So all in all, people like the Orchiata mulch for its excellent high quality, stability, as well as environmentally friendly toxin-free profile that lasts longer than others.
A little aside information for you on this potted plants type of mulch:
Bark from the New Zealand pine, Pinus radiata, has been used as traditional medicine by the Māori people of New Zealand for centuries. In recent years, scientific research has begun to explore the potential health benefits of this bark. This is an aside information, but there are preliminary results that suggest that orchiata bark may help improve blood sugar control and reduce inflammation. More research is needed to determine the full extent of orchiata’s potential health benefits on human beings, but there are a number of food additives you can buy out there with orchiata.
#3. Organic Vermiculite Mulch Around Plants
Organic vermiculite mulch is a great way to improve the soil texture in potted plants. It helps to retain moisture and nutrients, while also providing aeration.
Unlike traditional mulches, vermiculite does not break down over time, so it can be used multiple times.
So this is why this Vermiculite is another really great product for those looking for the best mulch for potted plants. This is an amazing soil additive and reacts with soil to release essential ingredients.
It is pretty much specifically designed for potted plants and containers that don’t have any drain holes. This mulch is designed to make plenty of space for roots to grow out.
Also, since this mulch has a lot of porosity, it allows the extra water to drain away from the roots. And believe us, this is definitely a game-changer as other mulches tend to make your soil too hydrated.
One of the other standout features is that it does a really good job of not breaking down and will certainly last longer than most other brands and soil additives.
#4. Mosser Lee Spanish Moss Mulch For Soil Moisture
It has a light, spongy texture and is often used as a top dressing for gardens and flower beds. Spanish moss mulch is also good for suppressing weeds, retaining moisture, and adding organic matter to the soil.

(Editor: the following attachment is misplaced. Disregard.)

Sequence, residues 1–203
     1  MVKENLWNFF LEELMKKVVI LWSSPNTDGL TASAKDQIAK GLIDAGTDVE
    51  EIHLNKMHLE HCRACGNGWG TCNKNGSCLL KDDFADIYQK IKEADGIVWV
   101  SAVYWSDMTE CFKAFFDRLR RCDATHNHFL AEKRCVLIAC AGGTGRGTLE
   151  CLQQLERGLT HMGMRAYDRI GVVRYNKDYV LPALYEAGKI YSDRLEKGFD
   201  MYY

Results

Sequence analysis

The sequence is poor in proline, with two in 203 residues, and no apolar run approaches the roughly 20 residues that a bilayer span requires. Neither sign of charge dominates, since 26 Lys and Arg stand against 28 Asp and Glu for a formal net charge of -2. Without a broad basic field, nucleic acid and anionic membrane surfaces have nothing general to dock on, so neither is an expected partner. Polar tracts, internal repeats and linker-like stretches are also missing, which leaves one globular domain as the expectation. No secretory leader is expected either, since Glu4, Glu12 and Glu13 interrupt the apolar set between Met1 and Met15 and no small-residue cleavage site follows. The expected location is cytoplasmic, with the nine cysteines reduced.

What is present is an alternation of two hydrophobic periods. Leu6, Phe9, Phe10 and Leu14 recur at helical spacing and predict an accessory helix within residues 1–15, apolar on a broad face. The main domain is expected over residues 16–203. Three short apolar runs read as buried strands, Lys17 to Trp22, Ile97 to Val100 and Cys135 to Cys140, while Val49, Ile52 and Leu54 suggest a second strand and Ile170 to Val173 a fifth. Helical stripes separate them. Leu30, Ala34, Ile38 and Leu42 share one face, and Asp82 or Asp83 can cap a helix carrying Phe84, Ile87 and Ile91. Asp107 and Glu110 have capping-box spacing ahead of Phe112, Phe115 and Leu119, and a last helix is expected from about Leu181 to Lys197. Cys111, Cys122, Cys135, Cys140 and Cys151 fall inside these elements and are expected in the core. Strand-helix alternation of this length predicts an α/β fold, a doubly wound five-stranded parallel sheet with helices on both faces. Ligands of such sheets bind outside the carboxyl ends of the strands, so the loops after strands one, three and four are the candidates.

While Spanish Moss is one of those products that we don’t usually think of in terms of mulching potted plants, many people swear by it and we are definitely on board here.
Normally, people use Spanish moss as a nice decorative item, and can pretty much last forever as it has been dried out and processed. Also, the strands can be easily pulled apart.
We actually find that this moss is pretty amazing at keeping pests and other bugs out as well as keeping your soil properly covered so it stays moist and full of nutrients.
It is very safe to use in any plant pot and non-toxic so also safe for children and pets. And if it doesn’t work for you as a mulch, it is always a nice decorative item.
#5. Pillowganic Rice Hulls For Indoor Plants – Organic Mulch
Rice hulls are a great alternative to perlite or vermiculite because they are renewable, biodegradable, and non-toxic. They also help to improve drainage and aeration in potting soils.
That’s why we recommend the Pillowganic Rice Hulls, which you mix with soil and it does a great job of breaking up hard clay soil. This is a nice alternative to the Vermiculite we mentioned above.
Many people like this because it pretty much improves drainage as well as root development. Needless to say, it also improves soil moisture so you get to water it less often.
While it is not the best looking out of all the mulches out there, it is certainly more effective than many other brands, including some that we talked about before.
But then again, some people may actually like how it looks. Either way, you can’t go wrong with the value here as you definitely get a whole lot of it for cheap.
#6. Best Mulch for Beginners – The EZ-Straw Seeding Mulch
It turned out that this EZStraw Seeding Mulch is the best for beginners. It’s an organic mulch that’s processed and packaged to make mulching and seeding as easy as possible. It comes in a bag that contains a 2.5 cubic foot bale. It has definitely been made for easy handling.
When you open a bag, the role goes on and on and on. By the way, this is not like getting a bag of ordinary straw. It covers an area of approximately 500 square feet.
If you had some environmental concerns, then rethink these since the mulch biodegrades. as it is environmentally friendly, it unnecessary for you to clear the mulch after your plant is fully grown. That’s what we like about this mulch as it decomposes easily, unlike plastic mulch.